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  • Apple Claims Motorola Charged 12 Times Going Rate for Certain Patents


    In a recently filing that was lodged with the U.S. Court of Appeals for the Federal Circuit this week, Apple claims Google’s Motorola demanded unreasonable rates for tech based on deemed standard essential patents. Some of the fees were said to be 12 times higher than what Motorola had charged other companies. The CAFC filing, an opening brief from Apple regarding the dismissal of FRAND-related action from Wisconsin, is one of the first developments in the case likely to be heard by the court in early 2014 according to Florian Mueller of FOSS Patents.

    Motorola is currently appealing the partial summary judgment win for Apple over a FRAND contract and antitrust case leveled in Wisconsin, which was ultimately dismissed without prejudice in 2012 by Judge Barbara Crabb. A portion of Apple’s brief states that Motorola:

    …demand[ed] that Apple take a license at a rate that was more than 12 times what Motorola was charging other licensees for the same technology--a rate that was unfair, unreasonable, and decidedly discriminatory.
    At the time, Motorola was asking Apple for 2.25%, a rate unsupported by previous deals. According to Apple, the demand would represent approximately $12 per iPhone, or “12 times what Apple was already paying to license Motorola’s SEPs,” possibly referencing the indirect licensing of technology used in baseband chips and other components. On this point, Apple notes that a previous proposal to pay Motorola $1 per iPhone was meant to “buy litigation peace and move on.” The company says Google’s leveraging of Motorola’s patents has been wholly unsuccessful.

    Apple mentioned the following in its opening brief:

    Motorola has sued Apple in various forums for infringement of eight SEPs (presumably, its eight strongest SEPs) and is batting 0-for-8 in establishing liability in U.S. actions.
    Based on this information, Mueller pointed out that Apple’s proposal was perhaps a little unreasonable, especially considering Motorola’s litigation track record. Barring this deal, Apple wants Motorola to offer a FRAND rate, a bone of contention that has so far been largely avoided due to the possible negative repercussions of a court rate-setting decision.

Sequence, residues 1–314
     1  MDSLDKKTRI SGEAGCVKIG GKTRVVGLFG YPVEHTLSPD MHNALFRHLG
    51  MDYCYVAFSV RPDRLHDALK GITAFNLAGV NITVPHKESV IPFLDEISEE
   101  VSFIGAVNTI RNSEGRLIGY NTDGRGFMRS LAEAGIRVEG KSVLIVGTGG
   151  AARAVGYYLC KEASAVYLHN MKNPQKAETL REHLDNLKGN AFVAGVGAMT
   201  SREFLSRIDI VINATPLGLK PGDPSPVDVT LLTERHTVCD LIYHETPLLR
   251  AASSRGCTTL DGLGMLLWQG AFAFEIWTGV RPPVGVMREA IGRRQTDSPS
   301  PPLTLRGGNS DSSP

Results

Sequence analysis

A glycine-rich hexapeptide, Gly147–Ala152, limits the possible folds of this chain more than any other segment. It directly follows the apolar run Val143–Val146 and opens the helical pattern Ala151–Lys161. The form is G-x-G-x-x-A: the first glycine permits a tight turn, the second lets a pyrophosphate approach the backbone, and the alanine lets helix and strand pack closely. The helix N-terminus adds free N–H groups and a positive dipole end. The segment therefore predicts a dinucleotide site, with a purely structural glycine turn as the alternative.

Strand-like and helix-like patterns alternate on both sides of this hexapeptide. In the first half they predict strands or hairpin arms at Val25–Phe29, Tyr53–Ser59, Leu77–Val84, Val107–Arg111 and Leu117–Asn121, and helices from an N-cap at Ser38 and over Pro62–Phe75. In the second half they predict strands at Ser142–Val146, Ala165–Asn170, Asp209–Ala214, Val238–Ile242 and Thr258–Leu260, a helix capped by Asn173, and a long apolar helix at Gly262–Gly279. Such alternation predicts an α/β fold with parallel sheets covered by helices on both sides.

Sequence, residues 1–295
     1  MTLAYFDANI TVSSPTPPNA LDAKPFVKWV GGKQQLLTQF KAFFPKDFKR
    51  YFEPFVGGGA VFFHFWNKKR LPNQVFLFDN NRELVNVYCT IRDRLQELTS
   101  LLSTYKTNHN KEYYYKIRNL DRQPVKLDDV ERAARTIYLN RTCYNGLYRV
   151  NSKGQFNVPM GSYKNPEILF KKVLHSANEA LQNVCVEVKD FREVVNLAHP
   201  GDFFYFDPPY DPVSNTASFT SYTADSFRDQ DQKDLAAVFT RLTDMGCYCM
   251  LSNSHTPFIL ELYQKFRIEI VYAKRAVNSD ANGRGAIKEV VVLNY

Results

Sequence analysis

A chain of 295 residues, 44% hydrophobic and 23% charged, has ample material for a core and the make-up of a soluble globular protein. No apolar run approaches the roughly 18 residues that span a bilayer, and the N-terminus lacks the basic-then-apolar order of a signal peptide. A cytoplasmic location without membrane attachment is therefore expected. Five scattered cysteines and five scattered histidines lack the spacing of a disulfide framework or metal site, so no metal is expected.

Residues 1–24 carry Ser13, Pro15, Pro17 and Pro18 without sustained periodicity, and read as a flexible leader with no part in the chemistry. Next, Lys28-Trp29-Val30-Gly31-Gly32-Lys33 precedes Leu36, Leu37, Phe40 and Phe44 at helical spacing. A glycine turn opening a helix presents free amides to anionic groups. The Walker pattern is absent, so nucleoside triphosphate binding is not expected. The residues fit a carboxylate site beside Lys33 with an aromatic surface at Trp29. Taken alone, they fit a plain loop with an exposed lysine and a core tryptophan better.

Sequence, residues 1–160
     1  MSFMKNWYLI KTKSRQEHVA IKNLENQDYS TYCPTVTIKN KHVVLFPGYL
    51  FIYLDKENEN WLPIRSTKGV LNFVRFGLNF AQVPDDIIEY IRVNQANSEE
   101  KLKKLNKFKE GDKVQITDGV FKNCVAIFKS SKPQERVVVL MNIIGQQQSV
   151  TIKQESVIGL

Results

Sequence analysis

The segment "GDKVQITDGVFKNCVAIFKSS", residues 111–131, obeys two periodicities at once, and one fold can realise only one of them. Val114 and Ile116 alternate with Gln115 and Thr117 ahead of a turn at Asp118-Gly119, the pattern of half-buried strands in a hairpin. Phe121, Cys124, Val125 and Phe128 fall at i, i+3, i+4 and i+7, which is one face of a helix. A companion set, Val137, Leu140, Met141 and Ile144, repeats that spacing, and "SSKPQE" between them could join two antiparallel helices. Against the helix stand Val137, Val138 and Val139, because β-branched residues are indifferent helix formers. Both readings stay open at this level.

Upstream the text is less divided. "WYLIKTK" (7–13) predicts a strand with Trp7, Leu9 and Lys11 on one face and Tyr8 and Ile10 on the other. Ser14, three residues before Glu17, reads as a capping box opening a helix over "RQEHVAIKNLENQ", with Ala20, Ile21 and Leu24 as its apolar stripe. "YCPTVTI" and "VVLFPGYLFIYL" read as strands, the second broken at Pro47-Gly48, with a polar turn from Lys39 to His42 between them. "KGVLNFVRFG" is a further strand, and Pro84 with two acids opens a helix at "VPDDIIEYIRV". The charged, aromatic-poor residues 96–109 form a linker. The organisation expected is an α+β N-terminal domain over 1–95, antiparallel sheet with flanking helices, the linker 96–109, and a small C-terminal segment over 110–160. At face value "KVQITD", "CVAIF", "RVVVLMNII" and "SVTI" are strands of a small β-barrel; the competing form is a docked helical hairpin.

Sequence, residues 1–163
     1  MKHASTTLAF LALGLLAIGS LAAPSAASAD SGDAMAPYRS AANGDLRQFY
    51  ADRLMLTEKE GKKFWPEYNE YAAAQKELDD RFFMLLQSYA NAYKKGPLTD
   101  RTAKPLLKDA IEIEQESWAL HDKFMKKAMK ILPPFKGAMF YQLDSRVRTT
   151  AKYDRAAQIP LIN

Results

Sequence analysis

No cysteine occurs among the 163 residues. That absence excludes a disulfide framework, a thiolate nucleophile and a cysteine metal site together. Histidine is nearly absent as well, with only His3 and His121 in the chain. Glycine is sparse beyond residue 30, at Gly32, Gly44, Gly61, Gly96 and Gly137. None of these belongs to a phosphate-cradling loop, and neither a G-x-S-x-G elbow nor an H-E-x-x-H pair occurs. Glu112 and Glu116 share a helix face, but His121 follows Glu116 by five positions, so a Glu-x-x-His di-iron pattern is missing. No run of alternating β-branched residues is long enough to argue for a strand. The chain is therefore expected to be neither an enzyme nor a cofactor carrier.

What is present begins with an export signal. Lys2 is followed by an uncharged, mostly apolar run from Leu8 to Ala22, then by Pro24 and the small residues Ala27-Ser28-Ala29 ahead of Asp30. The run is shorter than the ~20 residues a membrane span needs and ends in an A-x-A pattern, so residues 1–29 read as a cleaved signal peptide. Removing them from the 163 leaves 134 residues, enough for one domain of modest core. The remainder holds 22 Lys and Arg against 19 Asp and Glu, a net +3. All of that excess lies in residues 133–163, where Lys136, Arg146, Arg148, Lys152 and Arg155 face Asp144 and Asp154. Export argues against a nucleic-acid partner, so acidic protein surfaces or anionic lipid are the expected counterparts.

Although a hearing date hasn’t been set for the Wisconsin appeal, Apple is scheduled to begin another CAFC hearing as part of a cross-appeal with Motorola. This hearing, which is set for September 11, is in regard to Judge Richard Posner’s dismissal of a patent infringement case in 2012.

    Source: FOSS Patents, Scribd
    This article was originally published in forum thread: Apple Claims Motorola Charged 12 Times Going Rate for Certain Patents started by Akshay Masand View original post
    Comments 5 Comments
    1. Feanor64's Avatar
      Feanor64 -
      Big corporations playing their games
    1. jOnGarrett's Avatar
      jOnGarrett -
      lmfao as apple is currently trying to extort Samsung at $40 per phone for trivial patents--and crying over having their products banned in a lawsuit they lost to Samsung.
    1. MCleveland89's Avatar
      MCleveland89 -
      So, Apple is complaining about someone charging too much?
    1. smith01's Avatar
      smith01 -
      Apple having another cry. The courts should fine Apple for every lawsuit they start.
      If Motorola own the patent shouldn't they choose who pays what? Its theirs so go have a cry Apple and pay up. You made billions from a lawsuit from Samsung so you can afford it.
    1. Perceptum's Avatar
      Perceptum -
      Quote Originally Posted by smith01 View Post
      Apple having another cry. The courts should fine Apple for every lawsuit they start.
      If Motorola own the patent shouldn't they choose who pays what? Its theirs so go have a cry Apple and pay up. You made billions from a lawsuit from Samsung so you can afford it.
      And if they were allowed to, then prices would go up, innovation would go down, and you would be complaining about the high prices and low innovation.

      Quote Originally Posted by Feanor64 View Post
      Big corporations playing their games
      Unfortunately, small and medium sized businesses also play these game. But on a less grand scale.